As a developer and technology architect involved in the world of APIs, I have keen interest in the renewed emergence of event-driven architectures. The Kafka Summit always provides a great way to keep in touch with the latest developments and expert opinions related to Apache Kafka. The upcoming Kafka Summit Americas happening on September 14th and 15th is no different and is packed full of great sessions covering broad areas of interest within the event-driven technology space, while also providing insights on how to address complexity challenges in the Apache Kafka ecosystem.
I am delighted to be speaking at the upcoming summit where we’ll investigate the challenges of testing and maintaining quality in the complex world of event‑driven architectures. Complexity exists mainly due the distributed nature of event‑driven systems combined with the situation that many modern-day integration landscapes have different flavors of integration architectures, patterns and protocols in coexistence.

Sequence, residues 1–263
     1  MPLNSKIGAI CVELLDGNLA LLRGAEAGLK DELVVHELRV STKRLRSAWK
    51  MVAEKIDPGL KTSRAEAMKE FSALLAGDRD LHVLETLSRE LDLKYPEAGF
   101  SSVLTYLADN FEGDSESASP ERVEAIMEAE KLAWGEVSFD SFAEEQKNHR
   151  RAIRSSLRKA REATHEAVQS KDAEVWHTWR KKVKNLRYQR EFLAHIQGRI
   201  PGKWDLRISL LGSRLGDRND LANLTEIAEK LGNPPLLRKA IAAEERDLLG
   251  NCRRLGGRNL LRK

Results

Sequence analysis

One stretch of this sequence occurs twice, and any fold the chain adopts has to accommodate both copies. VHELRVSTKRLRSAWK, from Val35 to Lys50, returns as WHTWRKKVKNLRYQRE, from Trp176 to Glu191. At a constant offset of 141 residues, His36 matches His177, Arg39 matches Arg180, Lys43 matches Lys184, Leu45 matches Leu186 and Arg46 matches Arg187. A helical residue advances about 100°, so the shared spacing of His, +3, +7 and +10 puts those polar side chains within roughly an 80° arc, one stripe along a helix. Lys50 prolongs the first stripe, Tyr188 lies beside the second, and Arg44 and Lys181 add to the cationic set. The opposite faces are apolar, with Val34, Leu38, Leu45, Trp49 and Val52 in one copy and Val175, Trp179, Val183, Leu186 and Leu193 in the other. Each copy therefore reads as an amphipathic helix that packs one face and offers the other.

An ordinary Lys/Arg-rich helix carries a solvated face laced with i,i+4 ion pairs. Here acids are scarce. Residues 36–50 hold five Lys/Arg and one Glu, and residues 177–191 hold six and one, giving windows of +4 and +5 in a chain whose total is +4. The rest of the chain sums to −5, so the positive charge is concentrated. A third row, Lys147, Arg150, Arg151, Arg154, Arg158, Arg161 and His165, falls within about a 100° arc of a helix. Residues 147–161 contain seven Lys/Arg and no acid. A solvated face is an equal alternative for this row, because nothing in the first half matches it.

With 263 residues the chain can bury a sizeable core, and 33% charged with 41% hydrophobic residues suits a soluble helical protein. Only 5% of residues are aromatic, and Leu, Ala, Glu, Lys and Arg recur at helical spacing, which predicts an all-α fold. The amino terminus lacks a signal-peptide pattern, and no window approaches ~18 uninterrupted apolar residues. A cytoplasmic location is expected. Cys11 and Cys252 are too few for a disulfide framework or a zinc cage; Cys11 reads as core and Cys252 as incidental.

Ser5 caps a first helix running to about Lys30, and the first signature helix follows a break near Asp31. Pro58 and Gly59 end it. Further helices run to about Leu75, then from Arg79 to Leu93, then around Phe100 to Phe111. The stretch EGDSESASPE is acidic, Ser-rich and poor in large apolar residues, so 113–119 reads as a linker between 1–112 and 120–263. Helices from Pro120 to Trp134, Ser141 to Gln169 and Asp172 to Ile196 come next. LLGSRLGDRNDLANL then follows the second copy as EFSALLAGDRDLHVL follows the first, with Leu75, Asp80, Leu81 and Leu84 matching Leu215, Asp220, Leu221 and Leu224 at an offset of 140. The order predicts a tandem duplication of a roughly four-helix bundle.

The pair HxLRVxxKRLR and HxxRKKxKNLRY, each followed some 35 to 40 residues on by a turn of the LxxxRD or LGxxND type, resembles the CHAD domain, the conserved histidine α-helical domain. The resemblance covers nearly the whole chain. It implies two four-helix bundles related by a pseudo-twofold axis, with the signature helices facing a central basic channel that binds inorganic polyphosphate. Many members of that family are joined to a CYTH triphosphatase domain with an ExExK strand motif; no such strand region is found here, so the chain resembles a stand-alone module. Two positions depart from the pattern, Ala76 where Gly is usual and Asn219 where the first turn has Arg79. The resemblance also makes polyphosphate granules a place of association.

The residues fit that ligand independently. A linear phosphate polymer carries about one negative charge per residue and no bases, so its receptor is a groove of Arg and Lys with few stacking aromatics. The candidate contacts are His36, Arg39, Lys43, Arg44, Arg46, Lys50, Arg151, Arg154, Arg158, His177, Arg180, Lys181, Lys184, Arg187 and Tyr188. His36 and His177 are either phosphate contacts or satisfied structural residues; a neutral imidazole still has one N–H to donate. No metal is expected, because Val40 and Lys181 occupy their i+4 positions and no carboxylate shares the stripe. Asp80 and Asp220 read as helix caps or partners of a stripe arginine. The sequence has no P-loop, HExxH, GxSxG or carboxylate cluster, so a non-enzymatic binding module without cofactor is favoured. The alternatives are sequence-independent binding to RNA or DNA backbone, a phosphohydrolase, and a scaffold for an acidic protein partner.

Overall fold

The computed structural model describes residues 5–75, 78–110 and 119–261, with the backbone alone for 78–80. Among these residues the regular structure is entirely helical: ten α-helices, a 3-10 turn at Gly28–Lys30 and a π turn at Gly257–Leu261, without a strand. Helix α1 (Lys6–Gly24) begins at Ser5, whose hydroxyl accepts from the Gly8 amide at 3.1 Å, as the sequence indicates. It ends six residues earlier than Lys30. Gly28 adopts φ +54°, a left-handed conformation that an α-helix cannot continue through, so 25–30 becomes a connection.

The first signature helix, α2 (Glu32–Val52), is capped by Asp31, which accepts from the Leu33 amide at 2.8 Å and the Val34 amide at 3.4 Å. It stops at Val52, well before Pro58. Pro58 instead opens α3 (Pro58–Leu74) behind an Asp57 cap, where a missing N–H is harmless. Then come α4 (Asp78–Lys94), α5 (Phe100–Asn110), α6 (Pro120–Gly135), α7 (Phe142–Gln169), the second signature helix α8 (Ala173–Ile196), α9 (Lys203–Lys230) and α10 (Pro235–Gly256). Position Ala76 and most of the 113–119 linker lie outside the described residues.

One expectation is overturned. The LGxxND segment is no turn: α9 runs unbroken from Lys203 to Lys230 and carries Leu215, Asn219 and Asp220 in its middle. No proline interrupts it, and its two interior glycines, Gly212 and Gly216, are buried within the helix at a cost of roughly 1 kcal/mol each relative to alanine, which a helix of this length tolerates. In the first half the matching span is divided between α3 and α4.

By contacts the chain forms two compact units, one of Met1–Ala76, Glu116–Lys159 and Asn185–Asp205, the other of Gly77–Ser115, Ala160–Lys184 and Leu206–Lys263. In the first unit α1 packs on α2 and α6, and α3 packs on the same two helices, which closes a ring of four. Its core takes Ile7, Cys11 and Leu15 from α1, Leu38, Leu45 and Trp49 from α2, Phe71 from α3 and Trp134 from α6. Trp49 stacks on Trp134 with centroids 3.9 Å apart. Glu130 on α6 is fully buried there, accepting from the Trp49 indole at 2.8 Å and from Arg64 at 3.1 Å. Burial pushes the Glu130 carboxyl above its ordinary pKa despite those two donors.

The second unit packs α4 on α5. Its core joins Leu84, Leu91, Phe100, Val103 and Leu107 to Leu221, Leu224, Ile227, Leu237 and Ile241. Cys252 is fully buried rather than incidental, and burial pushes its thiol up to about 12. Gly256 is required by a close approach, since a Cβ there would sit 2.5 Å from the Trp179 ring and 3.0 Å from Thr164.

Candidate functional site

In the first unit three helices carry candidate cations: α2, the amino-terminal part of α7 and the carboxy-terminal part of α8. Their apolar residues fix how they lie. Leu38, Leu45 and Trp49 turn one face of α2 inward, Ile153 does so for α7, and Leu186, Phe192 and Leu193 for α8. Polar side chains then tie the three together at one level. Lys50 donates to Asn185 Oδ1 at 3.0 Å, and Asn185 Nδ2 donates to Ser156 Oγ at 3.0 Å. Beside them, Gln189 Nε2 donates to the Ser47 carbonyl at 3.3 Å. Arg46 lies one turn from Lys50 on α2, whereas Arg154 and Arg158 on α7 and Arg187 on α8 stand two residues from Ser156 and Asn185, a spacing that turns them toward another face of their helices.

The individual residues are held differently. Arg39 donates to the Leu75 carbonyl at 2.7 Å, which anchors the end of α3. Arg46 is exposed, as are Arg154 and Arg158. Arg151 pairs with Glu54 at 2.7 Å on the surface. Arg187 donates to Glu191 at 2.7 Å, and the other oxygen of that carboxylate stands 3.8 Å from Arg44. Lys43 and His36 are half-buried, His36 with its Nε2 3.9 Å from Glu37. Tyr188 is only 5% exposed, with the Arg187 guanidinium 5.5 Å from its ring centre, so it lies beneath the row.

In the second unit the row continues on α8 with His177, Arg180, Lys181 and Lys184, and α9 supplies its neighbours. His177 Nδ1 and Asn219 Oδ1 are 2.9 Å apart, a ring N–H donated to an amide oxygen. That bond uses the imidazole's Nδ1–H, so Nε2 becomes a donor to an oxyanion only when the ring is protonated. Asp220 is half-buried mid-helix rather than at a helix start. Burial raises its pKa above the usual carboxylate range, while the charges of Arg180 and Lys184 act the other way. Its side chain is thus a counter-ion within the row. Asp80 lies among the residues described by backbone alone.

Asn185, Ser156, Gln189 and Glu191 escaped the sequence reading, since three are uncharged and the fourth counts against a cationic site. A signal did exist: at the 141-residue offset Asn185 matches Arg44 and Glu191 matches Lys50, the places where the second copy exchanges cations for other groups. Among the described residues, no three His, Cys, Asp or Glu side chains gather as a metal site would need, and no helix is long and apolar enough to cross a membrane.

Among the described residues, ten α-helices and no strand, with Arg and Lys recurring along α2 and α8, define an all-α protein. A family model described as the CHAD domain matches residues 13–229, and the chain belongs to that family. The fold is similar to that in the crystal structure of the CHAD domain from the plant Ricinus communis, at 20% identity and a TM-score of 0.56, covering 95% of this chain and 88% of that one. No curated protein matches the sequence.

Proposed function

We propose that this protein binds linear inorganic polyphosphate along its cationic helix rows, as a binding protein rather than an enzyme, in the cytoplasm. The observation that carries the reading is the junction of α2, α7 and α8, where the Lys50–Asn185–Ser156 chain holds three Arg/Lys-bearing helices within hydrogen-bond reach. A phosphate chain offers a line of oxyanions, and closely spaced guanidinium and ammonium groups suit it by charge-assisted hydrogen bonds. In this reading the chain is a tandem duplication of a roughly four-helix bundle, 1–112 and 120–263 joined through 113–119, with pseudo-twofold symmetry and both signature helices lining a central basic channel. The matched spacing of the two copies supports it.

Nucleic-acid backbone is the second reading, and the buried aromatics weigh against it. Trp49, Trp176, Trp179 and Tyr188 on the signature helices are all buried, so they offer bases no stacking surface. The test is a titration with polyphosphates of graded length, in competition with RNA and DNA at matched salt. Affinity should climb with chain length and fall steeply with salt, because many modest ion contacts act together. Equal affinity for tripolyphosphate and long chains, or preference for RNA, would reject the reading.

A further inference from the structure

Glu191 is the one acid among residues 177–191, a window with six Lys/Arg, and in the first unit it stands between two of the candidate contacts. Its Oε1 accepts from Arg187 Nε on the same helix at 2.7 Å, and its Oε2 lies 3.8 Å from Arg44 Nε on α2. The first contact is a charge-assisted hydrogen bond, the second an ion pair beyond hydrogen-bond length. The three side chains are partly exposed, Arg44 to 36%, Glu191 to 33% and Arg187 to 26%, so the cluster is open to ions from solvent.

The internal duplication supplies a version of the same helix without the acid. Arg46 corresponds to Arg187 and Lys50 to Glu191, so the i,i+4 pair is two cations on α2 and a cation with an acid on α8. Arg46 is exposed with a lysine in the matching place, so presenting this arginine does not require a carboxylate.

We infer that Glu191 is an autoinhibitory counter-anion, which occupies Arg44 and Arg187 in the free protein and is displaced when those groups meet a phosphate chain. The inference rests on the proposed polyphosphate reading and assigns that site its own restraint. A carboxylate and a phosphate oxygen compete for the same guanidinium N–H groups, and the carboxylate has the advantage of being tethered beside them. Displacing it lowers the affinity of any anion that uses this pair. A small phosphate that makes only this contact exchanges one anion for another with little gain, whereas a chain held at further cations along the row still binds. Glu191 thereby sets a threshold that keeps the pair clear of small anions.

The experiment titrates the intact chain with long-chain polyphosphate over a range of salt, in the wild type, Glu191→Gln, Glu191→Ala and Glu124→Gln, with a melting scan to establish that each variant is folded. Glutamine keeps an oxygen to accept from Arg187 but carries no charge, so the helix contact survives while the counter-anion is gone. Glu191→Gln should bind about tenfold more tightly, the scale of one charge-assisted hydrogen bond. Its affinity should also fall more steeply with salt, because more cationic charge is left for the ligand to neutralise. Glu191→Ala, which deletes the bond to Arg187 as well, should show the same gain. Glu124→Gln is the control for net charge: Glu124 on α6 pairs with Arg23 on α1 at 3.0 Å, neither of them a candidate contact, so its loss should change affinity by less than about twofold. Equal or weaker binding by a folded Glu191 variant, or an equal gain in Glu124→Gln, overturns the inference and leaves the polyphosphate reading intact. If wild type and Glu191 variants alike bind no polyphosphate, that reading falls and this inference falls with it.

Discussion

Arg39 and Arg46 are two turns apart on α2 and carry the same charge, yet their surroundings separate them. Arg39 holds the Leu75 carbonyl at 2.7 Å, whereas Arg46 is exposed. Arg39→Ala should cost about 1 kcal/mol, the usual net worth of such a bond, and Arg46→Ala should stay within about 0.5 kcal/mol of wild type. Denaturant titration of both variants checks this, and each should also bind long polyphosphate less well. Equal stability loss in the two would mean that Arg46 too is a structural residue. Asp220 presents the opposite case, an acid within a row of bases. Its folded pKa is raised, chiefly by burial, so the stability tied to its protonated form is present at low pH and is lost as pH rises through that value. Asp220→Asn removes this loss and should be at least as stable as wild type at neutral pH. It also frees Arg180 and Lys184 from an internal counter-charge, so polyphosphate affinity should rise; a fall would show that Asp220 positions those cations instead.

Event‑driven architectures are complementing existing integration patterns
At SmartBear, we have seen our customers and the market moving away from accumulating data in centralized data lakes to focusing on data in-motion to serve real-time digital immediacy needs. Information technology systems, applications, and devices are producing, consuming, and processing more data than ever before with integrations often spanning natural organizational domain or capability boundaries. Organizations are leveraging event-driven architectures (EDAs) often in conjunction with other integration patterns, like microservices, to meet common non-functional requirements such as performance, availability, scalability, resiliency, and decentralized autonomy for development teams striving to deliver quality software.